An essential event in the development of the neural retina is the transition of proliferating progenitors to post- mitotic differentiated retinal neurons. Inhibition of this process alters the complement of cell types required for normal retinal organization and function. Proneural basic helix-loop-helix (bHLH) transcription factors play a central role in regulating the commitment of retinal progenitor cells to a differentiated retinal neuron fate. The Ath5 gene is required for the genesis of retinal ganglion cells (RGCs). The long-term goal of this proposal is to define the molecular pathway by which Ath5 regulates retinal neurogenesis. Ath5 expression is tightly coupled with the onset of retinal neurogenesis, and the timing of its expression is important for its ability to regulate RGC differentiation.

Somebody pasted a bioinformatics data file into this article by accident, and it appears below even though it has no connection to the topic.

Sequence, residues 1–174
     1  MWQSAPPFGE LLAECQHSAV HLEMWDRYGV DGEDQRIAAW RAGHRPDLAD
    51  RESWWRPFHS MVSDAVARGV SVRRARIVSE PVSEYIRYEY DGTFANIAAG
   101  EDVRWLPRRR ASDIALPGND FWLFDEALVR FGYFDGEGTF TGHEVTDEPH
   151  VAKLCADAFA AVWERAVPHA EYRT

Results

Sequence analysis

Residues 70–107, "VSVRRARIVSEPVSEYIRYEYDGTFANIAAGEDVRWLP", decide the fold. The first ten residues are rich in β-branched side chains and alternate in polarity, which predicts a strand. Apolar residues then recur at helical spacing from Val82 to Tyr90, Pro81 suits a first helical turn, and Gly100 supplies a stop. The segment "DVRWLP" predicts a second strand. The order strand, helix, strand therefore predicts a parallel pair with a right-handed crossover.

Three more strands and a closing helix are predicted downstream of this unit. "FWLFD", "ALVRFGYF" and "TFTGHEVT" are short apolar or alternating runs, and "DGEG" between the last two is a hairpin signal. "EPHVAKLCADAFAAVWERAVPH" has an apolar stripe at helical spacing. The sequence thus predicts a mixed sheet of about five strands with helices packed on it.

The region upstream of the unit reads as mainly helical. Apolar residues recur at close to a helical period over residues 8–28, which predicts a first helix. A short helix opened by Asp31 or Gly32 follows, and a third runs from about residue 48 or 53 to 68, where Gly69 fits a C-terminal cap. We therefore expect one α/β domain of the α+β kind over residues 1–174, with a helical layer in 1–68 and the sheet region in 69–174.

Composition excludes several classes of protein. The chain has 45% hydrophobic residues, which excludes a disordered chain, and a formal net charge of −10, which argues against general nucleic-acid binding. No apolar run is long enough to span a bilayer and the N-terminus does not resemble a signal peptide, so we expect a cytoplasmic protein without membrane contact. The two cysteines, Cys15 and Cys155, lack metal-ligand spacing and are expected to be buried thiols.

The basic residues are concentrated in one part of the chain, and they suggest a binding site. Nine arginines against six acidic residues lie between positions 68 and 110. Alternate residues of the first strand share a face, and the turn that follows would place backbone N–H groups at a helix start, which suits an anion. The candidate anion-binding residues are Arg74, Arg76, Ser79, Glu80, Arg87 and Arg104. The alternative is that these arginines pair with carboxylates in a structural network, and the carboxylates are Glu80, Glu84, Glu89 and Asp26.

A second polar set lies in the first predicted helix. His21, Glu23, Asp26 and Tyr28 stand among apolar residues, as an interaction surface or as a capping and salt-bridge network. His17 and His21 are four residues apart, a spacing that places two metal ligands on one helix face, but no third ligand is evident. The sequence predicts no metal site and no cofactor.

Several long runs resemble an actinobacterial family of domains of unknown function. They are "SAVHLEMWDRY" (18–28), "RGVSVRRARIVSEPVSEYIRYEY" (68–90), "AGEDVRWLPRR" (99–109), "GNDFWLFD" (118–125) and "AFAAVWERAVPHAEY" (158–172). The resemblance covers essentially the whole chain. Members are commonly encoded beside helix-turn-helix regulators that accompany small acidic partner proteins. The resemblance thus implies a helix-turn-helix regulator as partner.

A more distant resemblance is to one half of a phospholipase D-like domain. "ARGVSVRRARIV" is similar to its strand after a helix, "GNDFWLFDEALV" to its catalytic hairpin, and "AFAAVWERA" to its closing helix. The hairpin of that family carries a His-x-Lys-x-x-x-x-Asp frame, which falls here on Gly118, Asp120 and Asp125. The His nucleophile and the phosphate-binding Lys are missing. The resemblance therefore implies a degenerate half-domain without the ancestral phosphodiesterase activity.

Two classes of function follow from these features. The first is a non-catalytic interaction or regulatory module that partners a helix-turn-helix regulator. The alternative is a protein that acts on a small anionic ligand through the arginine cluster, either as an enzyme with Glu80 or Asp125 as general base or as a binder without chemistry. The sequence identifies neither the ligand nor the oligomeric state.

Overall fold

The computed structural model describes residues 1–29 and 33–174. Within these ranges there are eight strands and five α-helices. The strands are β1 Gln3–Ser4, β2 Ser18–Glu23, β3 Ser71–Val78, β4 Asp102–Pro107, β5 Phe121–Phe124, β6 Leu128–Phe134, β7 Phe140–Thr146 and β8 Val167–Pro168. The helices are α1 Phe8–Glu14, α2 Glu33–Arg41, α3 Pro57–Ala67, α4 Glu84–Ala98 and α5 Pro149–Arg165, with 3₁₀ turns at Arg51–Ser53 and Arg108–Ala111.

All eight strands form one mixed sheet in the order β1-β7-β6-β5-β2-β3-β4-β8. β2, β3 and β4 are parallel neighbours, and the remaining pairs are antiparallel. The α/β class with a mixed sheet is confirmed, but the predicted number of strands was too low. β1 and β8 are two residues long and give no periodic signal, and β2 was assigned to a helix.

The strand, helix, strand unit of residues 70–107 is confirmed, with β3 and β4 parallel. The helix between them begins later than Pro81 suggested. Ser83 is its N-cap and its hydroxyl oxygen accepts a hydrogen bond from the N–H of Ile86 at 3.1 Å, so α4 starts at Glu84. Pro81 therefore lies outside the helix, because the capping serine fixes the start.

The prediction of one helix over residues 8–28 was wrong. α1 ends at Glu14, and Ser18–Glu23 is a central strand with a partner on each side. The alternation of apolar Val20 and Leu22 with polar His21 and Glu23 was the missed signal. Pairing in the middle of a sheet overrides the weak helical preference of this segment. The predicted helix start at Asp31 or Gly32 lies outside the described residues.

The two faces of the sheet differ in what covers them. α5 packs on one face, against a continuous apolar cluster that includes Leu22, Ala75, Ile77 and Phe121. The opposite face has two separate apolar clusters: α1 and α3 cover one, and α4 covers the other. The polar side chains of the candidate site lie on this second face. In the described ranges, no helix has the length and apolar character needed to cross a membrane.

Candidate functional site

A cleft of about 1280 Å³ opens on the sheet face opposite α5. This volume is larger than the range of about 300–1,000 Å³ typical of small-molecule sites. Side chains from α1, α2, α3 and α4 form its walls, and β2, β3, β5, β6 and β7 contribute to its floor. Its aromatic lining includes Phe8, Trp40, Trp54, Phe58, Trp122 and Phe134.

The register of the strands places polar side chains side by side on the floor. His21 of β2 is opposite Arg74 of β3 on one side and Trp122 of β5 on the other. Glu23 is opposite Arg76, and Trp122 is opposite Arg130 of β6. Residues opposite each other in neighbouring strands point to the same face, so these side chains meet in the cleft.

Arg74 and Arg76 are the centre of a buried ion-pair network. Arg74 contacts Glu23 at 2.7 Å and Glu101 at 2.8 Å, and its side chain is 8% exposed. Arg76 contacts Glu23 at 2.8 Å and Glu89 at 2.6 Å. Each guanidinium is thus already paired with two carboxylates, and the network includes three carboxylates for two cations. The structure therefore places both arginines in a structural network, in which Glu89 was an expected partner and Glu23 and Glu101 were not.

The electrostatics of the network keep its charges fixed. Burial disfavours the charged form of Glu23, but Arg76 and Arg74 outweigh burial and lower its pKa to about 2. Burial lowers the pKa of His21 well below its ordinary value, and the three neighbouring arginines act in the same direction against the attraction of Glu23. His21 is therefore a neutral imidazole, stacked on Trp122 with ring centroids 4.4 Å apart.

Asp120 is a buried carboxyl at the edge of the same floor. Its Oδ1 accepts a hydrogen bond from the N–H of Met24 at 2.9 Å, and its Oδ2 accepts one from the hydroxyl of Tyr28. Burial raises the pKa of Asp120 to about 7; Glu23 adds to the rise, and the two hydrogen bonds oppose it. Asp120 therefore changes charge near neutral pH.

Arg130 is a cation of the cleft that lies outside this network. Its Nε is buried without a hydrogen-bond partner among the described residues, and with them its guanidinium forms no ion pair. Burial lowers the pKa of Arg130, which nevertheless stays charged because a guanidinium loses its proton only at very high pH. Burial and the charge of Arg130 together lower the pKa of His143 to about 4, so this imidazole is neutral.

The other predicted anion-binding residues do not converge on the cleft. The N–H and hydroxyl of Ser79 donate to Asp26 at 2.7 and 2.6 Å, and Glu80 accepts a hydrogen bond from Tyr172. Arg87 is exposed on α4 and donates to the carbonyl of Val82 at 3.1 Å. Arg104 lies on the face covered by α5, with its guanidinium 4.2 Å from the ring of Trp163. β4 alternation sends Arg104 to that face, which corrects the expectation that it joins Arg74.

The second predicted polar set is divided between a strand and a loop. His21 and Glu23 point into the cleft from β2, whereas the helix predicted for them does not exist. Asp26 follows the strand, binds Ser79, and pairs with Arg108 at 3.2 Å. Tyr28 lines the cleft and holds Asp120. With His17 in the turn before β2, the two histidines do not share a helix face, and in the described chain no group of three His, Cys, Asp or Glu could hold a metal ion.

The first aim of the proposal will focus on characterizing the transcriptional regulatory mechanisms that provide spatial and temporal control of Ath5 expression. Next, to understand how Ath5 drives retinal differentiation it is important to investigate the function of genes that are regulated by Ath5 during retinal development. One of these Ath5 target genes, SBT1 (shared bHLH target 1), is a novel gene that functions as an essential effector for proneural bHLH factors in the developing retina. To understand the function of this novel gene, Aim 2 will focus on testing a predicted interaction between SBT1 and histone deactylase, while Aim 3 will be directed towards defining the molecular pathways that are dependent upon SBT1 during eye development. This work will advance our understanding of the mechanisms controlling retinal neuron differentiation, and will reveal the function of an important new gene in the proneural regulatory pathway, which could provide insight into developmental disorders affecting the retina. Ultimately, a detailed understanding of the factors determining retinal neuron fate in vivo will impact future efforts at replacing neurons lost to disease. Project Narrative An important goal of our research is to understand how cells in the retinal are generated during early eye development, since we may gain a better understanding of how these processes are disrupted in pathological situations, such as congenital disorders affecting vision. A long-term hope is that we may ultimately be able to manipulate the differentiation of retinal stem cells or progenitors to treat retinal degenerative diseases. Our work will contribute to this effort by characterizing the mechanisms underlying retinal neuron development.
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